It is a remarkable and important story, beautifully told, and I hope that Janman’s film will get proper attention during the next festival season in Australia, where I’m confident that it wouldn’t fail to resonate deeply. When I saw Tongan Ark – at a New Zealand Film Festival screening in Wellington last August – it was accompanied by members of the ‘Atenisi Foundation for the Performing Arts, including Helu’s superbly talented daughters Sisi’uno and ‘Atolomake. The group’s performance, which blended traditional Tongan music and dance with operatic singing, was as powerful and moving as it was effective in conveying a sense of the depth of the cultural work carried out at ‘Atenisi. It was Helu himself who introduced opera into Tonga, after studying it in Sydney. Its appropriation and integration with Indigenous art forms isn’t a process that is entirely smooth – at one point the film captures Helu’s impatience at the disinclination of a graduation day audience to listen in polite silence to the performance of European music – but is also one that undermines simplistic notions of Western cultural primacy, just as Helu’s appeal to Greek antiquity was a move that complicated a linear approach to historical progress and modernisation.

To end the screening with a live performance by ‘Atenisi students also highlighted the exuberant vitality of Futa Helu’s legacy. Janman spent two years teaching at the institute and his interviews with students are among the film’s best moments. They remind us that long before it was a university, ‘Atenisi offered night classes, then a high school program, and that to this day – alongside the aspiring scholars attracted by its reputation – it enrols school dropouts, social misfits, the irregulars of Tongan society. Their voices as recorded in the film are mature, confident, hopeful, defiant. The story of ‘Atenisi is now their story.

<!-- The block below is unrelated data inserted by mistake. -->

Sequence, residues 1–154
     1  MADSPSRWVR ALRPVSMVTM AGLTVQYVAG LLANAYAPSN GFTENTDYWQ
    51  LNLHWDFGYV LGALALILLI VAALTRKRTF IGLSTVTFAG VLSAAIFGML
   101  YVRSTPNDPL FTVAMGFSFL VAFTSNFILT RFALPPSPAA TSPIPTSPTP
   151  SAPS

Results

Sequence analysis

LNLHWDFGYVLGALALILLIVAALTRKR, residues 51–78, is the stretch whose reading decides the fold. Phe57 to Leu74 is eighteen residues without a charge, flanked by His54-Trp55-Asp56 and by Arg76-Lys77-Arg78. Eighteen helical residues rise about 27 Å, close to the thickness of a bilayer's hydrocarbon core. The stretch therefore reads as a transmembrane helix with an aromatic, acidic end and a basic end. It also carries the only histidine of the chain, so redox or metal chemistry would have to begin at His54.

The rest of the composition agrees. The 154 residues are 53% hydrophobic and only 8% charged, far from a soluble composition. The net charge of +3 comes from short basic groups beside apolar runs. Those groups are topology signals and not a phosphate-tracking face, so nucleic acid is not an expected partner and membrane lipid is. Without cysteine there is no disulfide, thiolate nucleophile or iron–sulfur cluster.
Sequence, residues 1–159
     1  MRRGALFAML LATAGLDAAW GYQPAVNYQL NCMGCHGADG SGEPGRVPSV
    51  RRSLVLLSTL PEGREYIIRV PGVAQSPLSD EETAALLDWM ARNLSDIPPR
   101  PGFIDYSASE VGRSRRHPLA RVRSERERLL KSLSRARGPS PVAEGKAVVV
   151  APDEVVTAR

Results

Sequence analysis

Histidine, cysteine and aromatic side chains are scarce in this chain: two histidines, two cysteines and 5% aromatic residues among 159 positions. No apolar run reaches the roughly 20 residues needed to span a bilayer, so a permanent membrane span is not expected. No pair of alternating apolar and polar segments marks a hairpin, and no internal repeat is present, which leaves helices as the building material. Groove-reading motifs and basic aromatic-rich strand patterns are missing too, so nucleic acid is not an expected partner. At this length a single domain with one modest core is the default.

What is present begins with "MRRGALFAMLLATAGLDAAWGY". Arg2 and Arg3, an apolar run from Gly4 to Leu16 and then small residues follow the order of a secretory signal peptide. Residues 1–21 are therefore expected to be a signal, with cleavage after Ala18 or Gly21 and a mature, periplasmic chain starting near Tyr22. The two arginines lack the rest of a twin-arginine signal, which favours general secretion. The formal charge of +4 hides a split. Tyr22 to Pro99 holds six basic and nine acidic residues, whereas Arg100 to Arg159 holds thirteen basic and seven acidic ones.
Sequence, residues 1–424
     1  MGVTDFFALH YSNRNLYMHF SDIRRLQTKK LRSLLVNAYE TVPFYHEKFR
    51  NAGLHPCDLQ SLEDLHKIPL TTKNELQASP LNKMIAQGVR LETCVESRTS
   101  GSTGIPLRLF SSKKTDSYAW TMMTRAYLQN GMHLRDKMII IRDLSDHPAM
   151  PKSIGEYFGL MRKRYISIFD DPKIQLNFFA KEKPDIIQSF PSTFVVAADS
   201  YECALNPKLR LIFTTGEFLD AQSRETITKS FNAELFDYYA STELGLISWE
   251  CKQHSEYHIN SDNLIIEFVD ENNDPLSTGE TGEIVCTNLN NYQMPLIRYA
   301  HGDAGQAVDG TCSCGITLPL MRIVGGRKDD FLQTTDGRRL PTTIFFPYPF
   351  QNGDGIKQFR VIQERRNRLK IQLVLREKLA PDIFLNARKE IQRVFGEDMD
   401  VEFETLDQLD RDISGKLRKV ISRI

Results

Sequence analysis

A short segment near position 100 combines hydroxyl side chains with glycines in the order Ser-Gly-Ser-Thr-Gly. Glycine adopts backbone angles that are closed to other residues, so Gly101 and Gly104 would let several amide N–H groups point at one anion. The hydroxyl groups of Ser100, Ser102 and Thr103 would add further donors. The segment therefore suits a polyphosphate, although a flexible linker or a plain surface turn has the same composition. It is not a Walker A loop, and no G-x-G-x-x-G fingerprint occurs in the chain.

For more information about Tongan Ark you can visit the film’s website. I first learned about ‘Atenisi from the blog of Scott Hamilton, who has written extensively about Futa Helu and the institute. I recommend in particular this introductory post and this more recent one detailing some encouraging developments since the making of the film.

The website for the ‘Atenisi Institute is http://atenisi.edu.to/

Overland is a not-for-profit magazine with a proud history of supporting writers, and publishing ideas and voices often excluded from other places.

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Giovanni Tiso is an Italian writer and translator based in Aotearoa/New Zealand. His PhD examined the relationship between memory and technology. He blogs at Bat, Bean, Beam and tweets as @gtiso. He edited Issue 219: Winter 2015 Aotearoa edition of Overland.

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Comments

  1. Thanks for that. I’ve been thinking recently about how appallingly ignorant I am about the Pacific, a train of thought spurred by the shenanigans on Nauru. It’s considerably easier for Australians to denounce US imperialism than to register how avowedly and unabashedly Australia acts as a colonial power in the region.